Saturday, October 16, 2010

should I stay or should I go?

You have got to let me know. Well, no you don't actually, because it's already over, and the answer was "GO". If you're wondering where this is heading (cough), it's a long story...isn't it always...which started back in June when I took out the windshield. Removing the front glass was a straightforward decision: it made accessing the dash area way easier while I was tearing that all down, and it had to be replaced anyway due to a couple of huge chips. So the windshield was pulled out and stored in the basement...where it will probably stay for a long time after the car is back on the road.

The backlite meanwhile was a much tougher customer. Literally. The original plan, after very little consideration, was just to pull it out too. Back in June I started trying to get the trim off the rear opening. Like the front, I followed Mark Stang's video for removing the trim - except it was much harder to do at the back. The side trim pieces are held on with screws...easy enough...but (as it turns out) the rear window trim clips are a slightly different shape to the front, and much harder to "pop off" as it were...except I didn't know that until later. So the backlite just got left in, while I asked around for help removing the trim...only I never did. It was always on my "to find out about..." list, but never made it to the top.  So the car sat like this for about four months while I worked elsewhere.

Recently a couple of different friends have been giving me the 'if it aint ripped, leave it' mantra about the headliner, and with the back window still in situ, this was starting to make sense. I mean the headliner wasn't ripped or torn at all, the only defect was some minor fading (darkening) everywhere but behind the sun visors. So I left the backlite and rear window where they were. When I started on the trunk area, I was planning to work around the rear window as far as I could. This went very well for a while (more on this later), but then I took a peak at the inside of the C-pillars behind the headliner...and I quickly realized the headliner and rear window had got to come out. No question about it.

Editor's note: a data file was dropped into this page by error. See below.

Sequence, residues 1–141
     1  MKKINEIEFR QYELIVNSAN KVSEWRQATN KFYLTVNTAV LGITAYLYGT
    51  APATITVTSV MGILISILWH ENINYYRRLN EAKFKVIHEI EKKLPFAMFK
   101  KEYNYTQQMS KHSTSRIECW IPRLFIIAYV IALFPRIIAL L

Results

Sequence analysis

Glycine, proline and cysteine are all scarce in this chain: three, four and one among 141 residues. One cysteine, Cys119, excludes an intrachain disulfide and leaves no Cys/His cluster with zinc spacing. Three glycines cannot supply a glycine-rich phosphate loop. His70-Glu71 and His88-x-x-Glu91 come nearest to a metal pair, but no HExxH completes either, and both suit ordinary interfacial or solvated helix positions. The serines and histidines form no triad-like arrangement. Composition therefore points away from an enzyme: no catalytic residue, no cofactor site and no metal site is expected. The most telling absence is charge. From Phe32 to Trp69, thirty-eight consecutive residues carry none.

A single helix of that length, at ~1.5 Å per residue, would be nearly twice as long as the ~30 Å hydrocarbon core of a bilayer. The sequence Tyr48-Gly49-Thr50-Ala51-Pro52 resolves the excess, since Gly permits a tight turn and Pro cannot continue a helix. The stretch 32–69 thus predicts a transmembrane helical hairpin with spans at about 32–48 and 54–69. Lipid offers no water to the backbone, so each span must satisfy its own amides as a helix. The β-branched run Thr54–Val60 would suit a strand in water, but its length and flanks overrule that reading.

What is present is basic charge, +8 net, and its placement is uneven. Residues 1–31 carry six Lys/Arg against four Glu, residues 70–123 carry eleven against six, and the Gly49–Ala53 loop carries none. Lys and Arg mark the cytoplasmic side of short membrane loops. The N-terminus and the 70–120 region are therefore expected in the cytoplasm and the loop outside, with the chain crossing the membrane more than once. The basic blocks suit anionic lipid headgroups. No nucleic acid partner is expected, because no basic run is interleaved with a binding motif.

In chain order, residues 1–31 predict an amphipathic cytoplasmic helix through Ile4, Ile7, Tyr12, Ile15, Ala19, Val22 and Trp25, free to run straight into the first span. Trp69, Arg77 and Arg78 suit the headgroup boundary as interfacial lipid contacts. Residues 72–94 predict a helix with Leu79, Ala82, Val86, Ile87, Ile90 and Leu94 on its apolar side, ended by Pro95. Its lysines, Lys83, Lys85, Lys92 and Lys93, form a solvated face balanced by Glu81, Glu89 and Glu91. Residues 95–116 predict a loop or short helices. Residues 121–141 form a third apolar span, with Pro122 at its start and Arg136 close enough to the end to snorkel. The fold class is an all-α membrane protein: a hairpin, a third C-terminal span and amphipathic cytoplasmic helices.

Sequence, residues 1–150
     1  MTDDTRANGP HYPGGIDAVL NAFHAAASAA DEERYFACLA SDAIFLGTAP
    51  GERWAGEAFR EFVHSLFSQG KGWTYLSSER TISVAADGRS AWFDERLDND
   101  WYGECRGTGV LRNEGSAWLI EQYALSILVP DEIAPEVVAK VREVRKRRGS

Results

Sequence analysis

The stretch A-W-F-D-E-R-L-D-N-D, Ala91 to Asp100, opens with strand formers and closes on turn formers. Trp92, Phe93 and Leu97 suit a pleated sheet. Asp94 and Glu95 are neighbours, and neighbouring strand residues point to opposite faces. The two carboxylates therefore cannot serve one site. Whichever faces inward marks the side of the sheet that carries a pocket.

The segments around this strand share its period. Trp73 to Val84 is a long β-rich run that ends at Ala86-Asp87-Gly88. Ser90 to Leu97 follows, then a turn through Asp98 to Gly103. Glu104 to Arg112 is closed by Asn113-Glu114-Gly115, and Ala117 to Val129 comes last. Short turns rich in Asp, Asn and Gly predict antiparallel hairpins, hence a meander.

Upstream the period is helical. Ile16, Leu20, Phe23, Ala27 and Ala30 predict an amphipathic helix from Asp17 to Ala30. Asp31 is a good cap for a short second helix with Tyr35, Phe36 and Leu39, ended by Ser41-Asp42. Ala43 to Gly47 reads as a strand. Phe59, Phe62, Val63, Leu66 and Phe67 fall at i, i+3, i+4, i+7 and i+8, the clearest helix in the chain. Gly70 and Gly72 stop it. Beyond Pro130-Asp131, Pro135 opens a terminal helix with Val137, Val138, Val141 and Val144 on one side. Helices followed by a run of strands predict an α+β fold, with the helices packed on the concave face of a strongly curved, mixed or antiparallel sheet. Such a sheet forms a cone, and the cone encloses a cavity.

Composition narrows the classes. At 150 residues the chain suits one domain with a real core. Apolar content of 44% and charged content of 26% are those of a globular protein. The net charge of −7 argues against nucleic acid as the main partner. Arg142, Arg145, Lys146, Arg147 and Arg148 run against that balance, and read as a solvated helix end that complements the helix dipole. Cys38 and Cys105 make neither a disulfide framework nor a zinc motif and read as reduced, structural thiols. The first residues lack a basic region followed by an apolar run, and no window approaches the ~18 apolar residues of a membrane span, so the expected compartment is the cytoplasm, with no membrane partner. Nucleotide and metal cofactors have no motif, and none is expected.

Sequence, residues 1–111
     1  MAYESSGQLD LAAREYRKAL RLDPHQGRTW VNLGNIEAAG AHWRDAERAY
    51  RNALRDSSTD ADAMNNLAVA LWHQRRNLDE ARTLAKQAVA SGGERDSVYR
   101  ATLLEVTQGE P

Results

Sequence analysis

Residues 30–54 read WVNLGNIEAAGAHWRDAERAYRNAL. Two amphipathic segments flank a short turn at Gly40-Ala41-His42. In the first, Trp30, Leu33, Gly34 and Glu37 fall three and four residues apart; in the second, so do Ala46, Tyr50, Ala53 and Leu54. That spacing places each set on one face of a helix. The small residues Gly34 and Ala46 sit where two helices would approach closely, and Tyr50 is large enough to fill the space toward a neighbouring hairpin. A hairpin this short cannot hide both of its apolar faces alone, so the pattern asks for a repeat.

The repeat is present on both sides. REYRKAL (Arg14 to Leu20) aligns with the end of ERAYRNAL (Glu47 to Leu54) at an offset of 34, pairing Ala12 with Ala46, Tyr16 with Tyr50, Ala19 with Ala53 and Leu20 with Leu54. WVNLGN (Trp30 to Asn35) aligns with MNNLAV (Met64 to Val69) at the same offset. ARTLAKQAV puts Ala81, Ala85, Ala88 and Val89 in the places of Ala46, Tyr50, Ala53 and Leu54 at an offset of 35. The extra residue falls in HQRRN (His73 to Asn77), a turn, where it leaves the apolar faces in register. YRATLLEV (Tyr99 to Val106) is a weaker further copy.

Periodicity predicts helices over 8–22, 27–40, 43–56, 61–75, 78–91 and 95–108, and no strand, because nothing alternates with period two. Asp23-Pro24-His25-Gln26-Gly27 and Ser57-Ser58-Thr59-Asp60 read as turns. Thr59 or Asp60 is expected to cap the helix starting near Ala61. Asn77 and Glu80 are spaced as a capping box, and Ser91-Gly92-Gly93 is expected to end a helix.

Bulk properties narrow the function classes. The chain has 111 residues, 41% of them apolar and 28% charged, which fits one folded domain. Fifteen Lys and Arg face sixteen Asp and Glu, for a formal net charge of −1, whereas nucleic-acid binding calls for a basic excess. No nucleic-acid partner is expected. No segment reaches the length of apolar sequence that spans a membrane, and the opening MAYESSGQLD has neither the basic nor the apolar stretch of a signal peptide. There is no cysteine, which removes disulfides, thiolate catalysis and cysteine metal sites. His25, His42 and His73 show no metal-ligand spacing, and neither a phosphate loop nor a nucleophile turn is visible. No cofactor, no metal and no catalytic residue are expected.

So...I set to work at the top strip with a variety of trim removal tools I got from Eastwood. It was not easy, but after wiggling various objects around under the edge of the trim, I managed to get two clips loose at the passenger side. Then I just slid the trim all the way out. I would not recommend you try this, but I managed it somehow, and without damaging the trim or the bodywork. Phew. Unfortunately, nothing I tried could get at the clips holding the lower molding. So I tried a different approach: I cut off the outer edge of the rubber backlite gasket with a razor blade, and pushed the glass out from the from the inside. It was a cinch to do. The only problem was I found myself standing in the trunk area holding the glass. I somehow wiggled myself and the glass out from under the car (it is still on stands at the back). After this delicate operation, stashing the backlite in the basement was the easy bit. A replacement rear window is $$$ not to mention the $$$ for shipping, so this will definitely be going back later. With the glass out of the way, getting the lower piece of trim out was no problem.

The opening was filled with the usual mixture of dead leaves and general grot that I have become accustomed to while taking this car apart. Most of it when straight up my vacuum.

Onto the headliner then. Mostly the removal was so easy that I neglected to take any photos - just a matter of popping out the bows at one side first and working front to back. Then I found the thin wire hangers above the backlite opening...these were really tough to get out, and in fact I ended up tearing the headliner in the process. I dread to think how I am ever going to replace these little hangers.

Here's the headliner after I got it out. The patches at the front are closest to the original color.

The underside was heavily water stained around most of the perimeter. This picture was taken before I pulled out the supporting bows, which fit inside tightly sewn tubes in the material. Due to the shape of the bows it was impossible to get them out without destroying the stitching - it just seemed to disintegrate. I think the age of the headliner fabric and stitching was a big factor in this - I certainly hope so, as the bows will have to go back one day and I don't fancy sewing them in.

The first thing I noticed about the bows was that several of the ends were covered with red over-spray - isn't everything on this car! The second thing was that they are all slightly different sizes and shapes. The golden rule with parts like this is simple: make some notes. In the digital age, a quick picture is mandatory, and it also helps to draw a quick sketch. This should take some of the stress out of installing the new headliner...although I have been told it is a total PITA.

This is a picture of the surface rust on the inside of the driver side C-pillar. The other side is very similar. A quick glance at this when I peeled back the headliner and I knew I couldn't leave it as it was. Fortunately there are no serious rust issues, and unlike one of the guys in BAMA, I didn't suddenly discover any homemade sunroof-related horrors.

The yellow insulation I found under the roof was the same as the piece I pulled out from under the backseat. I'll be replacing all this later with some modern material.

The perimeter of the roof had surface rust all the way around - not really much of an issue, I just have to figure out how best to treat it.

No comments:

Post a Comment